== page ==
Women’s Round ONE:
 Rachael Grinham (Aus) bt [Q] Lauren Selby (Eng) 11/7, 11/4, 11/5 (24m)
 Samantha Teran (Mex) bt [Q] Tesni Evans (Wal) 11/5, 11/3, 11/7 (24m)
Dipika Pallikal (Ind) bt  Jaclyn Hawkes (Nzl) 11/8, 9/11, 11/8, 11/7 (52m)
[Q] Kanzy El Dafrawy (Egy) bt  Omneya Abdel Kawy (Egy) 12/10, 11/9, 12/10 (35m)
 Laura Massaro (Eng) bt [Q] Yathreb Adel (Egy) 11/9, 11/7, 11/6 (41m)
 Annie Au (Hkg) bt Joey Chan (Hkg) 13/11, 11/6, 7/11, 11/6 (46m)
 Joelle King (Nzl) bt [Q] Gaby Huber (Sui) 11/7, 11/6, 11/6 (35m)
 Jenny Duncalf (Eng) bt Line Hansen (Den) 11/9, 12/10, 11/7 (32m)
 Raneem El Weleily (Egy) bt Sarah Kippax (Eng) 11/9, 11/9, 11/5 (30m)
 Kasey Brown (Aus) bt Orla Noom (Ned) 11/6, 11/5, 11/4 (32m)
 Natalie Grinham (Ned) bt [Q] Aisling Blake (Irl) 11/5, 11/3, 11/9 (37m)
 Madeline Perry (Irl) bt Emma Beddoes (Eng) 11/8, 11/4, 7/11, 7/11, 11/3 (58m)
 Camille Serme (Fra) bt Nour El Tayeb (Egy) 12/10, 11/7, 2/1 rtd (28m)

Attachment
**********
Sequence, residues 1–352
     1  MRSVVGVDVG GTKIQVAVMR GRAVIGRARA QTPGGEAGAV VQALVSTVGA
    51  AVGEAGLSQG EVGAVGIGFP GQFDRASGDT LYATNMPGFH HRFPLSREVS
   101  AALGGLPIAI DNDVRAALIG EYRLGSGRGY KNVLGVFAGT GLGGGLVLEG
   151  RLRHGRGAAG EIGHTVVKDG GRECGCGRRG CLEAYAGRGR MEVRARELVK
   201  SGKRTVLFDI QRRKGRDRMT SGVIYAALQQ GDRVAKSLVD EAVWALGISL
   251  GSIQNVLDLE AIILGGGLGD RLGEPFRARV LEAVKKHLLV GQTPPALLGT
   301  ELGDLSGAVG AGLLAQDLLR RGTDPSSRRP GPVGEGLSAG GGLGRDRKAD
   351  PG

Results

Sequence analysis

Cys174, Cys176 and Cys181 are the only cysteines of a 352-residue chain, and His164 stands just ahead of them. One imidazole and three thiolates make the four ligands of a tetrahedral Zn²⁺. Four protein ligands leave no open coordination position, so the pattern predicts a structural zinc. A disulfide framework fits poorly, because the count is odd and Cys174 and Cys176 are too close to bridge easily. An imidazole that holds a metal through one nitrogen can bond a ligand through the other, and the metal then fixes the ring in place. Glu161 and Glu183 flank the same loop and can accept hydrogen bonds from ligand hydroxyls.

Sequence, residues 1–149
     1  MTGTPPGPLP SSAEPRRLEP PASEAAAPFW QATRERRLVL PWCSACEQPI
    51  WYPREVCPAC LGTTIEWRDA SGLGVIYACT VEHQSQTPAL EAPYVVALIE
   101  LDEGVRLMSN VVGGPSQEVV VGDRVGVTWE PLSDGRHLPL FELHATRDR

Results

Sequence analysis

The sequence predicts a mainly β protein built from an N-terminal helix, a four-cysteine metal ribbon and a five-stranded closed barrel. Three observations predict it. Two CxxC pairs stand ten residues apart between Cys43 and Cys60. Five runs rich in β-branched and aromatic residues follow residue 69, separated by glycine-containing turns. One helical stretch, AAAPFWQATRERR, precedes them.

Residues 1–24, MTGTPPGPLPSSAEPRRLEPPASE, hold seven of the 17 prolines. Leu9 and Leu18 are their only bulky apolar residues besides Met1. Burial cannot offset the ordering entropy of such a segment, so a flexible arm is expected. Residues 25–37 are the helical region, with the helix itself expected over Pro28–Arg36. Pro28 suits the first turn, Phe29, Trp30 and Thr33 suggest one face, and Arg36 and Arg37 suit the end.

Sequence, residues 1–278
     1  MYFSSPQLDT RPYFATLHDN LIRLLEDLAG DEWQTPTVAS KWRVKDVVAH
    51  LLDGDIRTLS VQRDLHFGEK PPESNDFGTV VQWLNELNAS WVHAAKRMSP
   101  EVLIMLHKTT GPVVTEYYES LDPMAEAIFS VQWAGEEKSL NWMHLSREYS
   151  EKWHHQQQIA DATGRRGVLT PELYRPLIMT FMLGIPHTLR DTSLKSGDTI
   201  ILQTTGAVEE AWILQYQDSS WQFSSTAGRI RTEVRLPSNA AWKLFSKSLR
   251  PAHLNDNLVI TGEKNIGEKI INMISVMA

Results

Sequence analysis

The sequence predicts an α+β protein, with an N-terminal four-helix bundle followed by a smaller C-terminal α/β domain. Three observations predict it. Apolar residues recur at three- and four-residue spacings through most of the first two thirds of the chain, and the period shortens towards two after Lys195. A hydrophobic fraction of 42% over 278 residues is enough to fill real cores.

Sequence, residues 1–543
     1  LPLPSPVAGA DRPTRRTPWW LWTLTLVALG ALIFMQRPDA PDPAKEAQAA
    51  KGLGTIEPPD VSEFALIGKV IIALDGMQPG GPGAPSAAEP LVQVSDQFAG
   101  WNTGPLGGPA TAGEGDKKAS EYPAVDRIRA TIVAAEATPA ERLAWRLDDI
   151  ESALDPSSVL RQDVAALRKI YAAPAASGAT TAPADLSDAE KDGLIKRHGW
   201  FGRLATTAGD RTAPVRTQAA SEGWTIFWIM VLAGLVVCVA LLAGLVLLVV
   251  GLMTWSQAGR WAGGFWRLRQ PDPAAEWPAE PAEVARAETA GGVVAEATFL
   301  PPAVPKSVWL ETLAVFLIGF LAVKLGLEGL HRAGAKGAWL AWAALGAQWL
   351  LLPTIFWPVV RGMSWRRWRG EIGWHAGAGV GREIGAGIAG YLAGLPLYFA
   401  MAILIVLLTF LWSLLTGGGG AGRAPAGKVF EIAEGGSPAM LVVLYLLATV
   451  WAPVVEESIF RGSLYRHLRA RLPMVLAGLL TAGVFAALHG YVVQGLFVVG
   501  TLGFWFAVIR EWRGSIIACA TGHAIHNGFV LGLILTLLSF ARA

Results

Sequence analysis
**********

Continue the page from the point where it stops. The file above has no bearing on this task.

Low Wee Wern (Mas) bt [Q] Latasha Khan (Usa) 11/6, 11/9, 11/8 (42m)
 Nicol David (Mas) bt Delia Arnold (Mas) 11/3, 11/6, 11/5 (29m)
[Q] Nour El Sherbini (Egy) bt  Donna Urquhart (Aus) 10/12, 11/8, 13/11, 9/11, 11/2 (61m)
REPORT BY STEVE CUBS | The first two matches completed saw qualifiers Lauren Selby and Tesni Evans turn in creditable performances against Rachael Grinham and Samantha Teran, both having had a good tournament and doing themselves credit in today’s openers. “That was hard, she’s a good player and very physical,” Evans told Squashsite.co.uk. “But I’ve enjoyed my week, it’s been great to see the the top players together and to watch them play.”